Thalaivi movie review: An awkward Kangana Ranaut in a convenient Jayalalithaa biopic
Thalaivi exaggerates events for dramatic effect so much so that if we made two-three more biopics like this, we would end up giving Jayalalithaa sainthood.
castKangana Ranaut, Aravind Swamy, Nasser, Samuthirakani, Thambi Ramaiah
The life of J Jayalalithaa makes for a good story. A misfit in an unforgiving industry who turned into an iron-fisted politician, Jayalalithaa’s life come pre-punctuated by dramatic highs and personal lows. So it should be no surprise that a spate of biopics was announced following her death in 2016. Of all of them, director AL Vijay’s Thalaivi has regularly made news, in part because of Kangana Ranaut, who plays the late politician, keeping the buzz alive.
After watching Thalaivi, though, I wonder if she spent more energy promoting the film than performing. For starters, it is clear that she speaks nearly no Tamil at all. The lip sync is grating, the words we hear almost disembodied from the person mouthing them on screen. This is even more jarring in song sequences. The only scene where the lip-sync matches is when she speaks English dialogue. Perhaps Vijay settled for Ranaut chewing gum during the shoot, which he hoped to fix in the dubbing studio. I do not know if that is the intention, but I can confirm that nothing got fixed in dubbing.
It might not all be Ranaut’s fault. Writer-Director Vijay does absolutely nothing for the film. Much of the first half plays like a mad ads skit with MJR (Aravind Swamy in a role modelled on former actor and Tamil Nadhu Chief Minister MGR) and Jaya (Ranaut) sporting retro costumes and dancing around trees. These costumes are beautiful, recreating the past, without making them look funny. The set design too is captivating — the cars, houses, open spaces tingling nostalgia. Thank God the first look video of Kangana dancing did not make it to the movie. But a large part of the first act serves only to remind us that these are two public figures we know much about.
Madhan Karky’s dialogues are vacuous. At the end of a sequence where she is violently attacked, her sari torn, and thrown out of the parliament, the entire opposition party stands stunned, listening to her spout inane dialogue. “Mahaabhaaradhathukku innoru per irukku (Mahabharata has another name),” she bites her teeth, before suggesting it is “Jaya."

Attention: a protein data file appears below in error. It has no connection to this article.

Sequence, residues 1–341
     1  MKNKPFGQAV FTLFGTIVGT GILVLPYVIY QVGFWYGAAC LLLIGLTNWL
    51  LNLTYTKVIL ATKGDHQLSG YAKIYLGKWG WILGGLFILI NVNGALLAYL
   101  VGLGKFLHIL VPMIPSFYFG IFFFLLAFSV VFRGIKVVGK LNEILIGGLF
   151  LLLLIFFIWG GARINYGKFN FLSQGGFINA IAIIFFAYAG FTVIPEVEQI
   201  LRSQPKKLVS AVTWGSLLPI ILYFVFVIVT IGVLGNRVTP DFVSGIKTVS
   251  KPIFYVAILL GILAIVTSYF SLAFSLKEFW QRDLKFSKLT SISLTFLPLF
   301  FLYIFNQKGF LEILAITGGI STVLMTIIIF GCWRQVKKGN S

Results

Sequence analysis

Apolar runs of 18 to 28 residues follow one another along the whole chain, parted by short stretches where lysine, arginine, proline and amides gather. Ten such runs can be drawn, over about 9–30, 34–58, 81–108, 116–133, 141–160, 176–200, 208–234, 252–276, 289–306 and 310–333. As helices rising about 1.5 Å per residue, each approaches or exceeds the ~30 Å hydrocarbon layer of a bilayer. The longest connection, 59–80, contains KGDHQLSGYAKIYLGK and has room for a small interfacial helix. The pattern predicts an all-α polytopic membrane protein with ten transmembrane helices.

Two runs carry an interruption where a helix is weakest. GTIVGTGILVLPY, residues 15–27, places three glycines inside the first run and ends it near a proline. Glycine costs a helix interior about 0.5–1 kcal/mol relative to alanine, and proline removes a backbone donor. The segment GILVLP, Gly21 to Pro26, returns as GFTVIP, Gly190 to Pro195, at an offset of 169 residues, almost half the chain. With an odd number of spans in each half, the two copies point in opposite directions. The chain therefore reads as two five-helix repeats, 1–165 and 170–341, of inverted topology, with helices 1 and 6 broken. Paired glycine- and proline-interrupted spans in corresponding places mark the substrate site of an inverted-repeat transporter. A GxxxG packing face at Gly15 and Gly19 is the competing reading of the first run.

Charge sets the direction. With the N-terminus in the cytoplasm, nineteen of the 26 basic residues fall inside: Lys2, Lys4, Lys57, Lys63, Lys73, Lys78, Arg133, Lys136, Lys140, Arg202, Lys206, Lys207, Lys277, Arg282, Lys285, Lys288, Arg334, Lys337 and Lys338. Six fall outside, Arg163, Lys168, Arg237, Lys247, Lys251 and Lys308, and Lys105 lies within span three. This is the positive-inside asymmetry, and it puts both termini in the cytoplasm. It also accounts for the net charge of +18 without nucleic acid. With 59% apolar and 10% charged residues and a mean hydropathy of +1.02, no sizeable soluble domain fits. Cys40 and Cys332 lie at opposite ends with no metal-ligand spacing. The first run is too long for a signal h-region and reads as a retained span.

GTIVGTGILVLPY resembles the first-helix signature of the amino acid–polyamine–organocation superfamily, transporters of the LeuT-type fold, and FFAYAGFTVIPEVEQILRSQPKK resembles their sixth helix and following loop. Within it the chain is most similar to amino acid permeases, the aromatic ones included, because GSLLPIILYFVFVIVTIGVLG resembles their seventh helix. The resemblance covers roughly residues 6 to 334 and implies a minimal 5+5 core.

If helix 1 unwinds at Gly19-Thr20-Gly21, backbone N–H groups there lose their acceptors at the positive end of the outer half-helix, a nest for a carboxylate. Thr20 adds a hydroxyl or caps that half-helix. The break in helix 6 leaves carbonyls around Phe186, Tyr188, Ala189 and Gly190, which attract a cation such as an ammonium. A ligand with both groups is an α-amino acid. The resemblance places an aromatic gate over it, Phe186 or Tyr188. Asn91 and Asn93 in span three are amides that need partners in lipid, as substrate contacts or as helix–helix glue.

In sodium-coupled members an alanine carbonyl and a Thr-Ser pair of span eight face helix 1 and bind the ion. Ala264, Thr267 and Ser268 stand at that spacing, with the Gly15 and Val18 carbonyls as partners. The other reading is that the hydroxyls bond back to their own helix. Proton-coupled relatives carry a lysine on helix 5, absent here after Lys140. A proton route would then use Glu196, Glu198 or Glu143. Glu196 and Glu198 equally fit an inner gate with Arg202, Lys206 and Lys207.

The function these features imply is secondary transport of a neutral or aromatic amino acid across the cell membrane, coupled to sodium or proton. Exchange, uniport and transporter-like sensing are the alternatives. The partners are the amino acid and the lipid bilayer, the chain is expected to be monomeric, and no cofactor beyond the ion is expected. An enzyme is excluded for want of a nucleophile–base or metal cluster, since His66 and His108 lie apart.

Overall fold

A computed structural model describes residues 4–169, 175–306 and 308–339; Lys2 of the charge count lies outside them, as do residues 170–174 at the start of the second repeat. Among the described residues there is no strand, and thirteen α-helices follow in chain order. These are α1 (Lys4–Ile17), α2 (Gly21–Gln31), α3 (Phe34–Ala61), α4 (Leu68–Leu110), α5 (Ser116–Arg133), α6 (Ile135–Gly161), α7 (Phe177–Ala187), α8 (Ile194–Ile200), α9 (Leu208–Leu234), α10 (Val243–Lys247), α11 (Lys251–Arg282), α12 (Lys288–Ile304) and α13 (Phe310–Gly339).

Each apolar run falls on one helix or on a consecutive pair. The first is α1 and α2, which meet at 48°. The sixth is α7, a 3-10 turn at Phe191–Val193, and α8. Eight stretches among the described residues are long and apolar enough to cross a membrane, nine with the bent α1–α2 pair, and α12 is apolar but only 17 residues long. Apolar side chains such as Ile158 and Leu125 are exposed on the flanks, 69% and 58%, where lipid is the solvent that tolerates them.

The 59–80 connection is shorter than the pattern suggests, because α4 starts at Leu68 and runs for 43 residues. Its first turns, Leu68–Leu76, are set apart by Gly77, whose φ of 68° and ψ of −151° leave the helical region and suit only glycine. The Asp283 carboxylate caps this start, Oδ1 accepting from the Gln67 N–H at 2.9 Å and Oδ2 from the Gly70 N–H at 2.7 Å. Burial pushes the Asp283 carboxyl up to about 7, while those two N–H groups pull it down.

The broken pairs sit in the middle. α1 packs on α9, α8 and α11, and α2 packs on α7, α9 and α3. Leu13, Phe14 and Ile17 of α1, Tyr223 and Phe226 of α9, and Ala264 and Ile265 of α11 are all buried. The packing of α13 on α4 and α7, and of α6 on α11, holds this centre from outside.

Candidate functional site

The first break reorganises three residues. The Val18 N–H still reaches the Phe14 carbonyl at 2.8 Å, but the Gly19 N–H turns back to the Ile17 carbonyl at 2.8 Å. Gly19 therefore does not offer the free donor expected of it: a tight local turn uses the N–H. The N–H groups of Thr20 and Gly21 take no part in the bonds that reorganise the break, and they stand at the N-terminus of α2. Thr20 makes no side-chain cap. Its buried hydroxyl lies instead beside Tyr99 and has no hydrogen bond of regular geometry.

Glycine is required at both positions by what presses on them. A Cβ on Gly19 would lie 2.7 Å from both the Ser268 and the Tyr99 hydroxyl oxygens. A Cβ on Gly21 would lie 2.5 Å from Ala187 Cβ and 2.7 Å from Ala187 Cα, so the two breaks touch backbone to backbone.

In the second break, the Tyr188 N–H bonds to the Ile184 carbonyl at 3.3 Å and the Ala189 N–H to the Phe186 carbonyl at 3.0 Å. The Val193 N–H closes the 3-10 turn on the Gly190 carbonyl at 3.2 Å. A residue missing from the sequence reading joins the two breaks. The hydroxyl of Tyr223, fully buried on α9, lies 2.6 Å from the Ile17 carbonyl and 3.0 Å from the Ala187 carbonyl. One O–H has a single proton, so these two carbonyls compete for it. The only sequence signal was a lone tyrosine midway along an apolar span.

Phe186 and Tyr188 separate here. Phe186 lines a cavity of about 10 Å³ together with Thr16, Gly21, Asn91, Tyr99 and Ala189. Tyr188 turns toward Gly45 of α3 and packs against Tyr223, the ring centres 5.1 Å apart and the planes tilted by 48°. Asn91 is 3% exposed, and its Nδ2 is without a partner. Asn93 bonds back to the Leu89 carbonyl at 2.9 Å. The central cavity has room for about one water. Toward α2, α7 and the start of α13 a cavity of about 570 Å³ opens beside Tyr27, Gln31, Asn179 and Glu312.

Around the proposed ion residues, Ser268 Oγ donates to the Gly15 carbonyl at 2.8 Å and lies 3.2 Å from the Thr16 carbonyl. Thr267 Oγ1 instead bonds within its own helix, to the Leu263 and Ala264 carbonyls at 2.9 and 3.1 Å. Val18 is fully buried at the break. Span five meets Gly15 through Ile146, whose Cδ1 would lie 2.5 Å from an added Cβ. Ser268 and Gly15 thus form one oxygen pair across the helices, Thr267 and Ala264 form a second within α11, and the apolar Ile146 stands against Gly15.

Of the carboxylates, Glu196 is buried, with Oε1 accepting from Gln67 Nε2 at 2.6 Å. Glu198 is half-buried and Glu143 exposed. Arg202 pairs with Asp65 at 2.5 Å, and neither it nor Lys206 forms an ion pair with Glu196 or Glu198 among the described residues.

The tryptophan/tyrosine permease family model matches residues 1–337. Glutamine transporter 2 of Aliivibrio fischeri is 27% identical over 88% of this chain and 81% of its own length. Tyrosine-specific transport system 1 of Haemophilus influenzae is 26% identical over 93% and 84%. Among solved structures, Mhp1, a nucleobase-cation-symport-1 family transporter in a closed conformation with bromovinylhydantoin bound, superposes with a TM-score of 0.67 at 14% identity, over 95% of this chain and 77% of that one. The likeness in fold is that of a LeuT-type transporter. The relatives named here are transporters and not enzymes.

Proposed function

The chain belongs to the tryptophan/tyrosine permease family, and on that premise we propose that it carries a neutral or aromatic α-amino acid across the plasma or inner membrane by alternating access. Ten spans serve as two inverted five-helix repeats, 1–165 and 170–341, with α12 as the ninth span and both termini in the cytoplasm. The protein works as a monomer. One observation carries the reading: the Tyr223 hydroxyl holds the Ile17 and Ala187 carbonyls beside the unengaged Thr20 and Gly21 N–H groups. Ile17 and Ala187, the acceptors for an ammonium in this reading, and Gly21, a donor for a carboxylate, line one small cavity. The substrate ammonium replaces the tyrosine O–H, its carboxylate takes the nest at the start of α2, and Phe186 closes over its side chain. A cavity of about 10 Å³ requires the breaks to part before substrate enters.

Every scene is bookended by a punch dialogue. In most cases, this does not even work. For instance, there is a scene where Jaya returns from Delhi to have RN Veerappan tell her that she has been ousted from the party. She begins her punch dialogue, to which he says “sari” in a nonchalant dismissive sort of way, only for her to walk away in slow motion. This ends up being almost comical, like someone not realising that they have been owned.
Not just dialogue, the screenwriting itself feels laboured. It treats chronological incidents in the protagonist’s life as the story itself. It exaggerates real events for dramatic effect. It uses date-cards to show us the timeline, one slide helpfully explaining us to that 1989 is a ‘few years after’ 1967.
It overuses montages, often using them as a crutch to rush through timelines. It jumps from scene to scene, trying to pack 20 years of Jayalalithaa’s life in 153 minutes.
It hopes that barely camouflaged names like RN Veerappan (for real-life politician RM Veerappan), Karuna (for ex-Tamil Nadu Chief Minister Karunanidhi), and Sasi (for Sasikala) will nudge the audience to fill the gaping holes of the film from memory.
In fact, if there is the slightest saving grace, it is the casting. Samuthirakani, as RN Veerappan, delivers an understated antagonist — we never see emotion in his face, but he always carries a good dose of seething misogyny. From this mass introduction to the scenes where he speaks in English to Rajiv Gandhi, he makes the character rooted and natural, something that Ranaut struggles to achieve.
Thambi Ramaiah, as Jaya’s caretaker, brings warmth to the otherwise synthetic film, but he can also only help so much. Aravind Swamy tries to mimic MGR’s style and manner, which mostly works in the montage scenes but falls flat otherwise. His romance with Jaya plays out like a relationship between awkward teens who do not know what is the post-date protocol.
Nasser plays Mu Karuna with cunning in both manner and voice. Of all the problems in the film, Karuna’s character is perhaps the worst. It is written with plain disrespect. In the third act, he is supposed to emerge as the primary antagonist, but the character is written with so much disdain that he amounts to little. I understand that the character is not written fairly because Vijay makes no bones that this film squarely aligns itself to Jaya’s point of view. What I cannot fathom is an antagonist written shoddily.
If I must describe Thalaivi in one word, I would say 'convenient.' The film begins and ends where it is convenient for the filmmaker not to indulge in political complexities. It stays true to real events, doing little work by way of writing. It does little to explore the inner journey of any of its characters. It exaggerates events for dramatic effect so much so that if we made two-three more biopics like this, we would end up giving Jayalalithaa sainthood.
If Jayalalithaa’s life were even marginally less eventful, Vijay’s lack of imagination would be all over the screen for us to see.
Thalaivi is available in Indian cinemas in Tamil, Telugu, and Hindi.
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